Sepsis Causes, Prevention, and Treatment

Sometimes referred to as septicemia or blood poisoning, sepsis is the body’s overwhelming and life-threatening response to an infection, such as pneumonia, influenza, or urinary tract infections. Some people are at higher risk of developing sepsis, including the very young, the very old, those with chronic illnesses, and those with a weakened or impaired immune system. Sepsis is not contagious. However, if sepsis is not treated early, it can damage your organs and can even cause death.

Some people are at higher risk of developing sepsis, including the very young, the very old, those with chronic illnesses, and those with a weakened or impaired immune system. Sepsis is not contagious, however, if sepsis is not treated early, it can damage your organs and can even cause death.

How You Can Help Prevent Infections

  • Follow infection control requirements, like hand hygiene, and receive recommended vaccines (e.g., flu and pneumococcal).
  • Think sepsis. Know sepsis signs and symptoms to identify and treat the disease early.
  • Act fast. If sepsis is suspected, get medical attention immediately. 

Signs and Symptoms of Sepsis

  • S ► Shivering, fever, or very cold
  • E ► Extreme pain or discomfort
  • P ► Pale, discolored, clammy or sweaty skin
  • S ► Sleepy, confusion or disorientation
  • I ►" I feel like I might die."
  • S ► Shortness of breath

Vital Signs & Biomarker Levels

The key to detecting sepsis early is accurate and timely completion and documentation of vital signs. Any changes or trends in vital signs should also be noted. If you or a member of your family has any of these symptoms, go to the Emergency Department immediately!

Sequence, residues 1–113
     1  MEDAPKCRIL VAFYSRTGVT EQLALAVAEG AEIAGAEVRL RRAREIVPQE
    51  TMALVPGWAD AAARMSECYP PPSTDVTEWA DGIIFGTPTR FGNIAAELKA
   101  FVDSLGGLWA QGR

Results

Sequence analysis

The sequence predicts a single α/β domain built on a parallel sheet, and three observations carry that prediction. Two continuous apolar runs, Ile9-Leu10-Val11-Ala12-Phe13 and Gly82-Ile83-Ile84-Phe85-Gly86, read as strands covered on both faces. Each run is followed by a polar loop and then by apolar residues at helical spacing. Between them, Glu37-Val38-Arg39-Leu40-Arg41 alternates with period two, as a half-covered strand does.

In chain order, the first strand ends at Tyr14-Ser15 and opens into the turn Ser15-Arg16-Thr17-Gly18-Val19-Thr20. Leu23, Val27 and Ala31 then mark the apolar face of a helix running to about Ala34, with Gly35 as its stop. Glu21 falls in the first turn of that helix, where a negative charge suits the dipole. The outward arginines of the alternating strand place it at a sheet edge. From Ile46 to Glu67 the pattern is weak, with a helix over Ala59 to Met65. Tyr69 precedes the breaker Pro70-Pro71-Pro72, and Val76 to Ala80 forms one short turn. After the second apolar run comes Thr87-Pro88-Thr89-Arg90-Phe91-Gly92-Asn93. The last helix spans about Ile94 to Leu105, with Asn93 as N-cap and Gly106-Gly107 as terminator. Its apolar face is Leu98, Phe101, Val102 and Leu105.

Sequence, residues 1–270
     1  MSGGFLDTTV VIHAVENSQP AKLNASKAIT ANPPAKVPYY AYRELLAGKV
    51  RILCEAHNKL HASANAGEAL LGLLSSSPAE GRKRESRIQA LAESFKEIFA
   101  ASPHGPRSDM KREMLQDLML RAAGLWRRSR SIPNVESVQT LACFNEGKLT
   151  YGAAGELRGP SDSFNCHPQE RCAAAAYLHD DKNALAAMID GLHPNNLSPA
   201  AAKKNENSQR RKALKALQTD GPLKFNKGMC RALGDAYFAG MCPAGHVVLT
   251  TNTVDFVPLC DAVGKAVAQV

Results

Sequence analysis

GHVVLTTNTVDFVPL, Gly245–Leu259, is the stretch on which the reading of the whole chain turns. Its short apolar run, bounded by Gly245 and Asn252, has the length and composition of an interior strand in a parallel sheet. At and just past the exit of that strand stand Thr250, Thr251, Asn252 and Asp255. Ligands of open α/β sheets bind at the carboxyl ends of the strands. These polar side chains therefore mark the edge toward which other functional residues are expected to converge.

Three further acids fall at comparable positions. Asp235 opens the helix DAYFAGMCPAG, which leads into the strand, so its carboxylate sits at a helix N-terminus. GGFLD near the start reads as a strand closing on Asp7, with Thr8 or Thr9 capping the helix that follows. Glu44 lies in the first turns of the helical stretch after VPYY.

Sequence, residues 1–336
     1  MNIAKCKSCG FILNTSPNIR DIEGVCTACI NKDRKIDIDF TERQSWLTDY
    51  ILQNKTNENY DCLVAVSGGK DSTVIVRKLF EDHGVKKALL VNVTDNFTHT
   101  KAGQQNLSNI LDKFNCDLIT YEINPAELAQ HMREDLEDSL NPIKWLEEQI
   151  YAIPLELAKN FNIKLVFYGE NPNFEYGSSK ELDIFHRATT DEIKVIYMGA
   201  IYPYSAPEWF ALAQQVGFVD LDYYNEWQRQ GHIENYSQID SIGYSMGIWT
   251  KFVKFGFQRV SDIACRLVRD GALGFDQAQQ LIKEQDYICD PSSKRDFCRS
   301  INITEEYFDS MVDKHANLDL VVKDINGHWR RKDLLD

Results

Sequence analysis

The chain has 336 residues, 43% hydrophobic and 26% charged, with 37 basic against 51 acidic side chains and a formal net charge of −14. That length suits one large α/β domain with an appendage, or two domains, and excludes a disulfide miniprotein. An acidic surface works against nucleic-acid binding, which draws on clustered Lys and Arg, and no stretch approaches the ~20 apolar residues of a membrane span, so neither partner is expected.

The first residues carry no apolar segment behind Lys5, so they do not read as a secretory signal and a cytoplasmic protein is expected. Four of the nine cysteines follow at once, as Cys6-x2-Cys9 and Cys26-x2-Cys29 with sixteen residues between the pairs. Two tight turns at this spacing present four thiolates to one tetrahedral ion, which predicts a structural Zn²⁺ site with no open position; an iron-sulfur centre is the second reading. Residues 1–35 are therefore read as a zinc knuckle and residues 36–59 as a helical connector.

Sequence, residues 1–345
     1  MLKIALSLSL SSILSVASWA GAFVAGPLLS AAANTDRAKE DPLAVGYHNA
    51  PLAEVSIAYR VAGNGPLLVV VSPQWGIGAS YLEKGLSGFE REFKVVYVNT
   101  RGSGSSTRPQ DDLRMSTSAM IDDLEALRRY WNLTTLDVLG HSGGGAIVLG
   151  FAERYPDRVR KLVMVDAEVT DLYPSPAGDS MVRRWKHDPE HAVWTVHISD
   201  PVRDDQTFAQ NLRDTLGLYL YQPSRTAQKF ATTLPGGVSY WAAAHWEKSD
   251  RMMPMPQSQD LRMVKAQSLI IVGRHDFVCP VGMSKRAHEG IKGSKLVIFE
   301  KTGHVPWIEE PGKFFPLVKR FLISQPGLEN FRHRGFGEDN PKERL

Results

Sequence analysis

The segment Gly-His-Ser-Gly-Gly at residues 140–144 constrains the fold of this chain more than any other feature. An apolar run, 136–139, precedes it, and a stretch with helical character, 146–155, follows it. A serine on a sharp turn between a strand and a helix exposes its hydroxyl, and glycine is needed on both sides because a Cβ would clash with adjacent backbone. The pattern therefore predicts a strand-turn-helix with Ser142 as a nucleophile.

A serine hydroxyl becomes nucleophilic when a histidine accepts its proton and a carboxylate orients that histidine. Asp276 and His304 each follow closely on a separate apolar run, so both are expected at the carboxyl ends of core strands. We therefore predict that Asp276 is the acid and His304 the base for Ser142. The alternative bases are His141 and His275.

• Body Temperature: less than 96.8 F or greater than 100.4 F
  • Heart Rate: more than 90 beats per minute 
  • Respiratory Rate: more than 20 breaths per minute
  • Very Low Blood Pressure

Diagnosis of Sepsis

Unlike diseases or conditions like diabetes or kidney stones, there is no one test that can tell you have sepsis. Diagnosis is made after your doctor evaluates your symptoms, your history, and other tests that may indicate you have an infection. This can then lead your doctor to suspect you have sepsis. Some tests that may be done to determine if a patient has sepsis include:

Some tests that may be done to determine if a patient has sepsis include:

Blood Tests

  • Complete blood count
  • Lacate
  • C-reactive protein
  • Blood culture
  • Prothrombin time and partial thromboplastin time (PT and PTT), platelet count, and d-dimer

Diagnostic Tests

  • Chest X-Ray (CXR)

Urine Tests 

  • Urinalysis
  • Urine culture

Treatment for Sepsis  

Sepsis is a medical emergency and needs to be treated as quickly and efficiently as possible. Treatments often include multiple types of antibiotics and IV fluids, such as saline.

Visit sepsis.org to learn more.

Get immediate medical attention if you have any signs or symptoms of an infection or sepsis.

To find an emergency care specialist at MedStar St. Mary's Hospital, call 301-475-6111.


According to the Maryland Hospital Association (MHA), sepsis is among the top 10 most common and potentially preventable complications across Maryland hospitals, and it is also a leading cause of mortality and readmission. Continually rising sepsis rates spurred the MHA to partner with the Maryland Patient Safety Commission to create an 18-month collaborative of 11 Maryland hospitals to work toward reducing hospital sepsis mortality.

MedStar St. Mary’s participated in the state program and is a partner in Cohort 2 of the Improving Sepsis Survival Initiative via the Maryland Patient Safety Center. The hospital is also helping to take the efforts to the next level by partnering with other regional hospitals to establish a Southern Maryland Collaborative in order to offer education, facilitate networking, and establish joint problem-solving.